Pittsburgh, September 12, 2019 -- In what is considered the first such program of its kind in the nation, the University of Pittsburgh Department of Neurological Surgery has created a three-month sports medicine fellowship for residents. Fifth-year resident Enyinna Nwachuku, MD, will serve the first fellowship that will include rotations with the Pittsburgh Steelers, the Pittsburgh Penguins and other area sports programs.
Sports medicine and brain and spine injury expert Vincent Miele, MD, clinical associate professor of neurological surgery, was the driving force in establishing the fellowship with input from renown health and sports medicine expert Joseph Maroon, MD, Heindl Scholar at the University of Pittsburgh and long-time team neurosurgeon for the Pittsburgh Steelers. Fifth-year resident Nima Alan, MD, also played a critical role in the development of the program.
“Because of the Department of Neurological Surgery’s close connection to sports and the area’s teams and athletes—our department currently has five faculty with direct involvement in professional sports teams in the city—the opportunity to develop a fellowship in sports neurosurgery was a perfect fit and the next logical step in training and care,” Dr. Miele said.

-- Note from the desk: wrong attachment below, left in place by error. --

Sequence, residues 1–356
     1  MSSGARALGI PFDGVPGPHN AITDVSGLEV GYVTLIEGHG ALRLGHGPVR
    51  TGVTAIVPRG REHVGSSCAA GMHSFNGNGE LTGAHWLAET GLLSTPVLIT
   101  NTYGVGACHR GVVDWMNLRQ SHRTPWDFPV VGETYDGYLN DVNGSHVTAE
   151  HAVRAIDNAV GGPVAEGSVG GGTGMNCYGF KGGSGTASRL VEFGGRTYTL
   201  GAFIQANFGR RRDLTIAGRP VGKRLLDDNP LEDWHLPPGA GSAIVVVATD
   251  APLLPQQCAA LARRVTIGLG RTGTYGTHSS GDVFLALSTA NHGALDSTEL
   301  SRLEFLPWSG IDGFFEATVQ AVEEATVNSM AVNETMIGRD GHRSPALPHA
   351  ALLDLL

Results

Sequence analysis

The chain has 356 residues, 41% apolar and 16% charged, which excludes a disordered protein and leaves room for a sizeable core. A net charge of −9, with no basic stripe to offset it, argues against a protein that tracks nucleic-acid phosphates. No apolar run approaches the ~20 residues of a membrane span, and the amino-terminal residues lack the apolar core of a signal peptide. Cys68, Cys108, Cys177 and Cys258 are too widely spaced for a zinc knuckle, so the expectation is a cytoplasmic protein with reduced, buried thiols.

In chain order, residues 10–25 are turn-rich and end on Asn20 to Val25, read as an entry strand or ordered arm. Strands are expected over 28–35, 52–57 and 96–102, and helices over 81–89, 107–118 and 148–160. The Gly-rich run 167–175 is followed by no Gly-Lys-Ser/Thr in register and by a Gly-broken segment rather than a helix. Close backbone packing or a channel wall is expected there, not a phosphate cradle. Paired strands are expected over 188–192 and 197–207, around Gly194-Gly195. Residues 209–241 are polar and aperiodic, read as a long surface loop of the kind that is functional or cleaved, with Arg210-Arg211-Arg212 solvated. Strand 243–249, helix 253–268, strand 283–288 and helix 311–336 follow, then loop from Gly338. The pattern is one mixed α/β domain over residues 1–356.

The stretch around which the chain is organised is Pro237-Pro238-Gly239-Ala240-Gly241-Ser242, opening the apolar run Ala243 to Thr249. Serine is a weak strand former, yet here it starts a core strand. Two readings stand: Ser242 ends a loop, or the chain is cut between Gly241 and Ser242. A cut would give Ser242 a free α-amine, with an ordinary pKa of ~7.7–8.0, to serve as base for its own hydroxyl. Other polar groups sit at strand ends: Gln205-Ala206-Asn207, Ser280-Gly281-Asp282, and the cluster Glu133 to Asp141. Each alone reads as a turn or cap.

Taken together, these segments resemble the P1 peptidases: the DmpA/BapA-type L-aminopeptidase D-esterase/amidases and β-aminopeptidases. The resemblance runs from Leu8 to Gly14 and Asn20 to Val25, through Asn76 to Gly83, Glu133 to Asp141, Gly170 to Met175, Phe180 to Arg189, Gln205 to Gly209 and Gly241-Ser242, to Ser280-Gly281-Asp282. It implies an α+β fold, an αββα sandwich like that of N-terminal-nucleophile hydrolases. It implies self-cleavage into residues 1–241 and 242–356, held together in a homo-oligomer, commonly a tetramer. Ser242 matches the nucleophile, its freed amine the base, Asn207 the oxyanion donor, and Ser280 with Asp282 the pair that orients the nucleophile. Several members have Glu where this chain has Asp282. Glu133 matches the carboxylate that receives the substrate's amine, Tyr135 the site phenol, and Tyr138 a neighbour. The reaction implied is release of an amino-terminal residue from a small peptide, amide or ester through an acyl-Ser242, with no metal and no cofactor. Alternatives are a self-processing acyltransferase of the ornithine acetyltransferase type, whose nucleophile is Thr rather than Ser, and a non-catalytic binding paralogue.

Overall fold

“This fellowship will provide an excellent opportunity for interested residents to spend a dedicated period of their training with neurosurgeons that subspecialize in sports and would be the first such program nationally. Residents would also have the opportunity to rotate with other specialties such as neuropsychology, orthopedics, and athletic training. These rotations would allow the participant to experience how these specialties approach mutual pathologies that we treat as a team.
“For over a century, neurological surgeons have been involved in the medical management of athletes. This includes the direct treatment of injuries to the brain, spine and spinal column, and peripheral nerves. Our specialty, unlike any other, has the ability to address pathology in all of these areas.
“The City of Pittsburgh and the University of Pittsburgh has been the epicenter of much of this marriage of neurosurgery and sports. From the development of modern neuropsychological testing to the first diagnosis of chronic traumatic encephalopathy, our institution’s physicians have led the way.”
Dr. Miele and Daniel Wecht, MD, are the fellowship’s directors, and Dr. Maroon will provide funds for research, a mandatory part of the fellowship